LaserActive

From Sega Retro

LaserActive logo.png
PioneerLaserActive.jpg
LaserActive
Manufacturer: Pioneer
Variants: NEC PCE-LD1
Add-ons: Sega PAC, NEC PAC, Karaoke PAC, Computer Interface PAC, 3D Goggle
Release Date RRP Code
Mega LD
JP
¥89,800 (92,494)89,800e[1] CLD-A100
Mega LD
US
$970.00970.00 CLD-A100

The LaserActive (パイオニアレーザーアクティブ) is a video game-compatible LaserDisc player designed and manufactured by Pioneer. Released in Japan and North America in late 1993, the system features interchangeable hardware expansions known as PACs, which enable compatibility with Mega Drive and Mega-CD games, PC Engine and PC Engine CD-ROM² games, and a new type of LaserDisc-based format: Sega Mega LD and NEC LD-ROM².

NEC produced a rebranded version of the system, the NEC PCE-LD1.[2][3]

Hardware

LaserDisc

The LaserActive plays all sizes of both standard compact disc and LaserDisc media, including CD Video and LaserKaraoke discs. Considered a mid-range player in terms of playback quality, inserting a Sega PAC or NEC PAC expands the hardware with advanced playback features like frame-by-frame view and multi-speed jogging.[4] The LaserActive cannot automatically switch between a disc's sides, and requires users to eject, flip, and re-insert discs halfway between most movies and software.

Expandability was a primary design focus.

The system outputs in composite video (the format which all LaserDiscs are natively encoded in), and when playing video games, boasts superior video quality to both the Mega Drive and PC Engine's composite video output - particularly in regards to its comb filter. While the LaserActive supports DTS, it notably lacks the popular Dolby AC-3 surround sound capabilities found on later players, instead relying on software developers to encode spatial audio systems like RSS into their releases directly.

LaserActive games were specficially developed to take advantage of the video storage potential of LaserDisc media. Similar to how the popular LaserDisc-based arcade game Dragon's Lair used special technology to add an interactive layer to the video, Sega Mega LD and NEC LD-ROM² could do the same. These two formats were rebranded versions of Philips' LD-ROM format, adapted for each company's respective PAC. However, the format's generally 480i content had to be downsampled to 240p whenever developers wished to display additional on-screen graphics with their games (to match the resolution of the 16-bit hardware the format works with.)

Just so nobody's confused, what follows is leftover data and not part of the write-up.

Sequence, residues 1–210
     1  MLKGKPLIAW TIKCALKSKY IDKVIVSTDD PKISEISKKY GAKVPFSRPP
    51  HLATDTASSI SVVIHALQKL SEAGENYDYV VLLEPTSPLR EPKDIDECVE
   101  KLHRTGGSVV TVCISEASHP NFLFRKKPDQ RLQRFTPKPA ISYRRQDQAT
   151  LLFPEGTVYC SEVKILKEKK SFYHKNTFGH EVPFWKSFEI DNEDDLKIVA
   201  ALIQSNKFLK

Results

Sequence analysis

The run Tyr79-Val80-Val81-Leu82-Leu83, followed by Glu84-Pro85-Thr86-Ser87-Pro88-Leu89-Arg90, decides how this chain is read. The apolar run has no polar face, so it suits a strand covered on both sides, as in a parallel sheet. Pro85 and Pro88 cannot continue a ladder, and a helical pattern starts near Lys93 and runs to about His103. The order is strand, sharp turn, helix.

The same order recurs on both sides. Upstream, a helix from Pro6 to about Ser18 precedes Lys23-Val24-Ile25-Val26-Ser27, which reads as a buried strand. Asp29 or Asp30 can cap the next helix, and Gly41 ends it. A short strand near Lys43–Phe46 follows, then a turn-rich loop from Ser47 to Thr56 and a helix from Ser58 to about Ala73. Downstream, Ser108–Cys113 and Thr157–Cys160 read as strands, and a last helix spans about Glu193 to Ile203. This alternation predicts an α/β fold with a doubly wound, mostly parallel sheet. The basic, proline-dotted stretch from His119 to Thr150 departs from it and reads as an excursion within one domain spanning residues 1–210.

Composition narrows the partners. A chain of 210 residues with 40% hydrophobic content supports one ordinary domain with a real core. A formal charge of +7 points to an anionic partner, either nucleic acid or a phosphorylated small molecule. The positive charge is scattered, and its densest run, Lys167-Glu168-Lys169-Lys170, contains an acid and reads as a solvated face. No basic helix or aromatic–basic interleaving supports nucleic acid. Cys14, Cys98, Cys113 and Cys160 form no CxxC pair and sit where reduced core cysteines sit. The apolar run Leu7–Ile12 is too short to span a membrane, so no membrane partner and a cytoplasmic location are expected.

PACs

The LaserActive is designed to be an expandable and widely-compatible system. In addition to its existing ability to play LaserDisc and LD-G formats, the system can be expanded with plug-in hardware modules called PACs (sometimes stylized as Packs.) PACs expand the system's capabilities, such as the Sega PAC giving the system the capabilities of a Sega Mega Drive and Sega Mega-CD combined, allowing for playback of additional formats such as CD-G. While PACs are generally region locked, Sega Mega LD and NEC LD-ROM² games are region free and will play on any NTSC system.

The PACs listed below are suffixed by (American model number/Japanese model number):

Sega PAC (PAC-S10/PAC-S1)

The Sega PAC allowed the system to play Mega Drive, Mega-CD, and Mega LD games.
Main article: Sega PAC.

The Sega PAC allows the system to play Sega Mega Drive, Sega Mega-CD, and Sega Mega LD games, in addition to CD-G media. Like it's counterpart, the NEC PAC, it also expands the LaserDisc functionality of the system by adding advanced playback features like frame-by-frame view and multi-speed jogging.[4]